Mohs Surgery

By: Raymond Kwah Yung Chien Dr (Dermatology & Surgery Clinic)  21/02/2015
Keywords: Skin Cancer, Mohs Surgery

In Mohs surgery, the visible portion of the skin tumour is 1st removed. Further tissue that may have cancer cells, are then removed one layer at a time. This tissue is examined under a microscope while the patient is still in the dermatology unit. If it contains cancer cells, another layer of tissue is removed and examined. This is repeated until all the cancer cells have been removed. Your doctor may have recommended Mohs’ surgery because: -your skin cancer has returned; -your tumour was previously removed, but some cancer cells remain; -your tumour is in an area where we want to reduce the amount of healthy tissue we remove, such as on your eyelids, nose, ears or lips; or -the edges of your tumour are not well defined. -The tumour is of a more aggressive kind Other types of surgery for skin tumours rely on the surgeon being able to see the extent of the cancer, which can either lead to a large wound and scar if too much healthy tissue is removed or too little tissue being removed and the cancer returning. Micrographic surgery maximises the chances that your tumour will be completely excised (removed) while minimising the amount of surrounding normal skin needing to be taken away.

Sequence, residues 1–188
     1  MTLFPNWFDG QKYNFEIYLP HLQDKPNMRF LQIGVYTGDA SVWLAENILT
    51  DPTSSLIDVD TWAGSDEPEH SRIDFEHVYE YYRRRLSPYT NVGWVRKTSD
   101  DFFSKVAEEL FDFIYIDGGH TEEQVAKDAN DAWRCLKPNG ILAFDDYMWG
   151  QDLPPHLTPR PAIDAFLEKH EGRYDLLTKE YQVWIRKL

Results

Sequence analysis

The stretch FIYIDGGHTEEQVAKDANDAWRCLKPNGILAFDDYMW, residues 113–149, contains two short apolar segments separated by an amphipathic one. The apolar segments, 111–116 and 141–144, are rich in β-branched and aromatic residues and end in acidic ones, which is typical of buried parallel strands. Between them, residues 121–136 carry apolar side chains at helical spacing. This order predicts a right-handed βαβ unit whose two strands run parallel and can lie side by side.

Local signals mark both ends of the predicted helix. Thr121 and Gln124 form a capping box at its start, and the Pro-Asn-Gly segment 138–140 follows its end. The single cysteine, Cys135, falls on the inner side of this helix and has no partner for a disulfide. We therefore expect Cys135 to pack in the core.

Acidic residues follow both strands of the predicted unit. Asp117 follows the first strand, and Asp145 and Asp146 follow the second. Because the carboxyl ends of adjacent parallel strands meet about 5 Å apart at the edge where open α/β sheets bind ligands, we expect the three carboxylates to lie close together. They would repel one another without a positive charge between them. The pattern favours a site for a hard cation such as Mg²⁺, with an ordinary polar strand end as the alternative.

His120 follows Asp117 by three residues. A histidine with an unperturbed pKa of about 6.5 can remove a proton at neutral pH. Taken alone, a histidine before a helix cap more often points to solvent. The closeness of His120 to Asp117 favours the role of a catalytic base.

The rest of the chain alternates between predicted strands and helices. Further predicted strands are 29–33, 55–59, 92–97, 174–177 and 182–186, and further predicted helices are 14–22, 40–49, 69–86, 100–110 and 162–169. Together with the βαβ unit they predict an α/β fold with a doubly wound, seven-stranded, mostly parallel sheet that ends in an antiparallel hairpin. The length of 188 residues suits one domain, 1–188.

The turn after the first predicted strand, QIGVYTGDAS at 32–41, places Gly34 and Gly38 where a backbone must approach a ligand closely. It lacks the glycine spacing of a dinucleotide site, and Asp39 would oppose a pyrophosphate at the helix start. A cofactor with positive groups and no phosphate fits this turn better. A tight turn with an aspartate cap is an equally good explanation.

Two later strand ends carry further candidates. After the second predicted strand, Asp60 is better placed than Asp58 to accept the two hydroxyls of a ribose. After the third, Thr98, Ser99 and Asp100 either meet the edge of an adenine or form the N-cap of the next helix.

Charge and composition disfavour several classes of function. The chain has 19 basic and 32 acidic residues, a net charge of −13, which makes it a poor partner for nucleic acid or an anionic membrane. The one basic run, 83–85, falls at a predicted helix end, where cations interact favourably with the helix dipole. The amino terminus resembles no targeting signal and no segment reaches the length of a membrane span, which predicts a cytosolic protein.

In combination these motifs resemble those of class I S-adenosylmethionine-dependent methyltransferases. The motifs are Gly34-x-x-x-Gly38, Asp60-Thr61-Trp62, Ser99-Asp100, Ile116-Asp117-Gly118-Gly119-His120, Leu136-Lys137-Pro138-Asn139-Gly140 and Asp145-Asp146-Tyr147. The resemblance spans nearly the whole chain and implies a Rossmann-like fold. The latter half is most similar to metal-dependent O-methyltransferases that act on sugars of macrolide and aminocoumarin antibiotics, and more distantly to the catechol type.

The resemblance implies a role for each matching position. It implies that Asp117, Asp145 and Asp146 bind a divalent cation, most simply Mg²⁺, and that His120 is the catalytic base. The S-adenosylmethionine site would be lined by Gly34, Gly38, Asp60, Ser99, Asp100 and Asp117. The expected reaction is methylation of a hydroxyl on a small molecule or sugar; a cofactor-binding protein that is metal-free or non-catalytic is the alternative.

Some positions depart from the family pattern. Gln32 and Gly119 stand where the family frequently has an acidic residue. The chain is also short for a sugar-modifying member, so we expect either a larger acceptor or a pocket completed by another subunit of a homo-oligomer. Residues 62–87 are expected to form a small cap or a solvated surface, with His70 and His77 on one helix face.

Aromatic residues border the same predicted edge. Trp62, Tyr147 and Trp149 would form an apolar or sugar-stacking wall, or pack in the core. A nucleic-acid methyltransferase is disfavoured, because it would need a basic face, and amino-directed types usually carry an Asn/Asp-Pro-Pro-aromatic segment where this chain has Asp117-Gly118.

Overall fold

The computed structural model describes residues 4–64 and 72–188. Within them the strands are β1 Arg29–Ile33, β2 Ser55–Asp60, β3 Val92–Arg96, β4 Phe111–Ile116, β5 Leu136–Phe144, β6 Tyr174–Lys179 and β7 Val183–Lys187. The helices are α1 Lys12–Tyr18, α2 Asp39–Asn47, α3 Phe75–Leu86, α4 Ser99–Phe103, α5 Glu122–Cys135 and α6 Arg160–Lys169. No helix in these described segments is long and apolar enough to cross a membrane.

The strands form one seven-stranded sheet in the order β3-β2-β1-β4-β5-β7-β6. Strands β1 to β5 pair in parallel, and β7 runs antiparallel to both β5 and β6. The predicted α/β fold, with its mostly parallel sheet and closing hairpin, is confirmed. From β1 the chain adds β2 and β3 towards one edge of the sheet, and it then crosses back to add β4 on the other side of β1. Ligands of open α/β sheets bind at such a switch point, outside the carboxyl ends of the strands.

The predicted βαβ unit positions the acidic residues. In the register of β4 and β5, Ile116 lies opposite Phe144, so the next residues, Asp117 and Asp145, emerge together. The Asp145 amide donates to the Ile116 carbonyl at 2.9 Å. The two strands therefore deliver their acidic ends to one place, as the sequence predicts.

Keywords: Mohs Surgery, Skin Cancer

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